How long will the multifamily market boom continue in Alabama? Commercial real estate experts say that depends on how long the demand for additional apartments, lofts and condos continues.

“One area of concern is that most projects are targeting the luxury market, and the demand for luxury properties does have a limit, ” Conway says. “With high land and construction costs, developers often feel forced to target the luxury market to be able to make any profit. That has left out a lot of millennials who don’t make high salaries and others who can’t afford high rents.”

Some urban areas outside of Alabama, which have experienced rent resistance and lower demand for luxury properties, have seen the rise of successful new projects targeting the “micro-unit” market, Conway says. Small apartments of 500 square feet and less allow developers to cover land and development costs.

“As developers feel the squeeze of rent resistance and a ceiling on the demand for luxury apartments, they may turn to higher density so they can get the return on their investment. We really need more of that to fill the great need for affordable apartments that isn’t being met, ” he says.

Such small apartments were called “studio apartments” or “efficiencies” in the past, Conway says. The Urban Land Institute has followed the micro-unit trend across the country in recent years, and its research has shown high market demand and high profitability per square foot in a number of urban markets.

“Technologies developed in the tiny house movement, such as moveable walls, are enabling more creative design and better use of space in micro-units, ” Conway says. “Millennials are used to the amenities provided in newly developed student housing and often don’t care so much how big their apartment is, just where it is and that they can afford their own place instead of living with their parents.”

The alternative to developing affordable apartments likely is maxing out the investment potential of multifamily dwellings, says Conway, whose impressive resume includes serving as a subject matter expert for the Federal Reserve, chief economist for Colliers International and senior vice president of credit risk management for SunTrust.

“Historically we tend to keep overdoing in certain areas and then at some point face a market correction, ” he says.

Major projects kick off in Mobile, Huntsville, Tuscaloosa & Montgomery

While Birmingham is the largest, hottest market in Alabama for the recent development spurt in apartments, lofts and condos, other metropolitan areas across the state are seeing significant growth in multifamily development.

Meridian at The Port, downtown Mobile’s single largest downtown residential development in more than 50 years, broke ground in August. The $51 million project by development partners Leaf River Group and Bristol Development Group will feature 267 luxury apartments. The development is expected to help boost downtown revitalization efforts.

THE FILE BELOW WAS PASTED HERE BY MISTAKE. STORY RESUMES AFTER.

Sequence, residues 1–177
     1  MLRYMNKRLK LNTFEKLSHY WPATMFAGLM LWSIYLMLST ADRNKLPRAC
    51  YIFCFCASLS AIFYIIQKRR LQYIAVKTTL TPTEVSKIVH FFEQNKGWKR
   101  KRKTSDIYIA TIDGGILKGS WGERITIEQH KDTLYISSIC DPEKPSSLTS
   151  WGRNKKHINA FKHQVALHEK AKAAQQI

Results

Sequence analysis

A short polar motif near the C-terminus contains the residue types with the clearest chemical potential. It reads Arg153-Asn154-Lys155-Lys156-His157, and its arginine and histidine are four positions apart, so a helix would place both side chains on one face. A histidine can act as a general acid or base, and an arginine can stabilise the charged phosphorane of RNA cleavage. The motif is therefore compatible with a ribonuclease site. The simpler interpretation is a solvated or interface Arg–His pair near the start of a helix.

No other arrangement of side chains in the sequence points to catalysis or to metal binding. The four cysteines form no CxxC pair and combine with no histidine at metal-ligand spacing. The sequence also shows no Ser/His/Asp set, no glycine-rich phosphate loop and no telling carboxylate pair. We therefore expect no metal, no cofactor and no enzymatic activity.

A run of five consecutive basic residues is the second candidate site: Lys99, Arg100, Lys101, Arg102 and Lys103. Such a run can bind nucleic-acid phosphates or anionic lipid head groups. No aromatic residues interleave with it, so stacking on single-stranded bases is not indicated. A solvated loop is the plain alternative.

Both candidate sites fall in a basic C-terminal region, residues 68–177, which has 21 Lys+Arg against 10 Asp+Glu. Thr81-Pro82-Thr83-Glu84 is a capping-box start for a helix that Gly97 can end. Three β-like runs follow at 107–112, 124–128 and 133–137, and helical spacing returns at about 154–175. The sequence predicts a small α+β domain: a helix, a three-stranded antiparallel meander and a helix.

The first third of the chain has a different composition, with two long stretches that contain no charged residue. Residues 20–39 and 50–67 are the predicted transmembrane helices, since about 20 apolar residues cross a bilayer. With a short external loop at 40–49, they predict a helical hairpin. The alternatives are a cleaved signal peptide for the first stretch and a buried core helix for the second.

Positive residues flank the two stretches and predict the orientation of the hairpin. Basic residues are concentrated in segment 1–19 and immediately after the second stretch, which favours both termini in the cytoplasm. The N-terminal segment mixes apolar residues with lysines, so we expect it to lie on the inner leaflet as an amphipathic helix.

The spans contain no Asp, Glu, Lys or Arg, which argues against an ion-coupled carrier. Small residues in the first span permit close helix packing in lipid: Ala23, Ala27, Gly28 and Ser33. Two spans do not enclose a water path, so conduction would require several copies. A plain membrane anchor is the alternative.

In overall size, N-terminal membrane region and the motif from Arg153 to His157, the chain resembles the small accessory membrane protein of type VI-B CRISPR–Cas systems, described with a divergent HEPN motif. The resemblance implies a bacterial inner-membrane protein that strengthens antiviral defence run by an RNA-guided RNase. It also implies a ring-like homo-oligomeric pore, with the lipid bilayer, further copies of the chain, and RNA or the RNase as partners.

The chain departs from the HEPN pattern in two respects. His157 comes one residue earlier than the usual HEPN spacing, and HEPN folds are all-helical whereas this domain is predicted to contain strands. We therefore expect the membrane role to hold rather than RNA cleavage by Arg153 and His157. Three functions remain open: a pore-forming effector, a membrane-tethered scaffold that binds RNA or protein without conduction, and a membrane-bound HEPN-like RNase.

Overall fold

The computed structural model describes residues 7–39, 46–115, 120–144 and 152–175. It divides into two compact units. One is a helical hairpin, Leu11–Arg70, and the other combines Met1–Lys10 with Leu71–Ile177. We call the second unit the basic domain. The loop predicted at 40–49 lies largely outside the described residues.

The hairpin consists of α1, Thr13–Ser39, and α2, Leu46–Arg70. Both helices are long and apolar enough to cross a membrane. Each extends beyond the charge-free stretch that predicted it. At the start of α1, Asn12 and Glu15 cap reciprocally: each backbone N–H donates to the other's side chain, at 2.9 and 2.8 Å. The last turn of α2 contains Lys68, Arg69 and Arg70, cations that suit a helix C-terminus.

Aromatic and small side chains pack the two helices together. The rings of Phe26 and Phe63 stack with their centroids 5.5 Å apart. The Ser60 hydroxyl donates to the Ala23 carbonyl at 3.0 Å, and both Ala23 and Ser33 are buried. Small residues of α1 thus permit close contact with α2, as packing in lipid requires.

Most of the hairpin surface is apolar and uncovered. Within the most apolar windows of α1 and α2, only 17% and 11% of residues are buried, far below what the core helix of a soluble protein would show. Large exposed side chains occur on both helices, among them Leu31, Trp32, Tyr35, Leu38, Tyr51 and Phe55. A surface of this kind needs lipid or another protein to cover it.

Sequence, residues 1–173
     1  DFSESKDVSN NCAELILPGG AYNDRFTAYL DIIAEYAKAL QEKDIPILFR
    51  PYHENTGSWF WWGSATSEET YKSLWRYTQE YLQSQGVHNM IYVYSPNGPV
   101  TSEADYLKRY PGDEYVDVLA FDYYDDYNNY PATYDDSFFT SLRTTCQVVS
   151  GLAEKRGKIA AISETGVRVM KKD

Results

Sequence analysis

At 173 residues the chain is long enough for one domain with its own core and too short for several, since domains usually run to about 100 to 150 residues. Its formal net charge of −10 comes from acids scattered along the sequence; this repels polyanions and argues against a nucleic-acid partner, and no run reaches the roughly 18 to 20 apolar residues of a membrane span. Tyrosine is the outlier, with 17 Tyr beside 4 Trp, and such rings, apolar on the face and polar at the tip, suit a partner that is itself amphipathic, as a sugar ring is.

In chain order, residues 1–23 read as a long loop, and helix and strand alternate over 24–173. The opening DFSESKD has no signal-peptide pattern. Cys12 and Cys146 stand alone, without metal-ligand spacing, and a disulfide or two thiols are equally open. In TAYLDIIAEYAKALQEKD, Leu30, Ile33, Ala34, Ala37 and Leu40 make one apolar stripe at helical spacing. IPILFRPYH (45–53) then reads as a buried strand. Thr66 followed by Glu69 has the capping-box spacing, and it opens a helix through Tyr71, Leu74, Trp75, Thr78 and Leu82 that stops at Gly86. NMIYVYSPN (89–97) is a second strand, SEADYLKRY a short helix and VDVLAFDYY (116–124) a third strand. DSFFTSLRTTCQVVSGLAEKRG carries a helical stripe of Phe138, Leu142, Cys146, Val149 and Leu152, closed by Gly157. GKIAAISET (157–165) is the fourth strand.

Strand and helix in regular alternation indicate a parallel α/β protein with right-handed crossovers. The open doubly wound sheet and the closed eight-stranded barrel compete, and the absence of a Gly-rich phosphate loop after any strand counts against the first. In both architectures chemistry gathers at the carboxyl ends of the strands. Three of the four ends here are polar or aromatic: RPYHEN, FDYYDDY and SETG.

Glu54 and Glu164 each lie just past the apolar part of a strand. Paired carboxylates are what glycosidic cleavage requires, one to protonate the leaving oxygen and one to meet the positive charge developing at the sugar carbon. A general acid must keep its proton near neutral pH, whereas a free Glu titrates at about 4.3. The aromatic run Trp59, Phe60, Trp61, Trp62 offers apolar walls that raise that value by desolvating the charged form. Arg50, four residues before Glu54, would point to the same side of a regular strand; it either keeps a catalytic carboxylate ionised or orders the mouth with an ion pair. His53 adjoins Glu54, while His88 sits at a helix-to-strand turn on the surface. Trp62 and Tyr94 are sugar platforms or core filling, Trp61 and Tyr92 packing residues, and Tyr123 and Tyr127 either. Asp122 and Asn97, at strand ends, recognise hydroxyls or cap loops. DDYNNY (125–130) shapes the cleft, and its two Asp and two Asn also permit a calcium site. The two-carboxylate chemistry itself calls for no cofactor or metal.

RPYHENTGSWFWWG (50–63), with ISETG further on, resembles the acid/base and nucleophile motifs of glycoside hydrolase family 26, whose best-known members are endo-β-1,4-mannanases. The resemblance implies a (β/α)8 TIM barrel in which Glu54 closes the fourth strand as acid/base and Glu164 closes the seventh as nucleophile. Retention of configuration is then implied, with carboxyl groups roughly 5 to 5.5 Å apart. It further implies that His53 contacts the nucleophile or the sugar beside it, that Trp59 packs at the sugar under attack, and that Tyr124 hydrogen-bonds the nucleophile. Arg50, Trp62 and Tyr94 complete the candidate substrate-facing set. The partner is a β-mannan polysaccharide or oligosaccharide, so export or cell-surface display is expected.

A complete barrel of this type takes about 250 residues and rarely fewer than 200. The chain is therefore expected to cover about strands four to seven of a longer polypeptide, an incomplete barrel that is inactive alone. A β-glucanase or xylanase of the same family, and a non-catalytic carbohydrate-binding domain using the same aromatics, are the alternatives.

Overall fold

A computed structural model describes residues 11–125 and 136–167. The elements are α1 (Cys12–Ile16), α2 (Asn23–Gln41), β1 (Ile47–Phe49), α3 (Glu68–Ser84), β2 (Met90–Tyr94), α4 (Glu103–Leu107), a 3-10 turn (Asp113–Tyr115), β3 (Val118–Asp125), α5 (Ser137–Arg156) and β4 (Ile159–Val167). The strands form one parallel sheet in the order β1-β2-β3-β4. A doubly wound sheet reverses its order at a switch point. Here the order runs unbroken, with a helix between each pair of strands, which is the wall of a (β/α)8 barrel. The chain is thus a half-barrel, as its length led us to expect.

“This is very big news for Mobile, ” says Chad Hagwood, senior vice president, originations, Capital One Multifamily Finance.

Among Mobile’s historic redevelopment is the Staples-Pake Building, originally built in the 1850s, used by a cotton broker and then a bank, but now offering 15 loft-style apartments, as well as retail and office space.

“Mobile, Huntsville, Tuscaloosa, Montgomery and other Alabama cities, in addition to Birmingham, are seeing the development of some impressive multifamily projects, ” says K.C. Conway, director of Research & Corporate Engagement for the Alabama Center for Real Estate.

Huntsville’s new Twickenham Square multiuse development features the 246-unit Artisan at Twickenham Square luxury apartments, in addition to a Publix, Homewood Suites hotel, restaurants, retail and office space. Montgomery has added a number of apartment units through the refurbishment of downtown buildings, including in the Lower Dexter Avenue area. And Tuscaloosa has seen a burst of modern multifamily and other development following its catastrophic tornado in 2011. “Tuscaloosa has seen rapid redevelopment, ” Conway says. “And now several luxury condominium projects are planned for near Bryant-Denny Stadium.”

Hagwood points out that investors are looking at all of Alabama’s midsize cities for potential projects. “This is a great time for borrowers and investors. Financing terms are very friendly, ” Hagwood says. “There’s a great deal of investment being made in urban markets across the Southeast.”

When it comes to multifamily development, Alabama still has more to come, says Scott Reed, managing director of Reed Realty Group, the Portland, Oregon-based developer of the Thomas Jefferson Tower apartments in downtown Birmingham.

Reed’s company keeps tabs on markets across the country to tap into great development opportunities. “Alabama has just rounded first base when it comes to the redevelopment and revitalization of its cities, ” Reed says. “Government officials and economic development agencies are all pulling together to encourage successful redevelopment. Your state has a bright future.”

Kathy Hagood is a freelance contributor to Business Alabama. She is based in Homewood.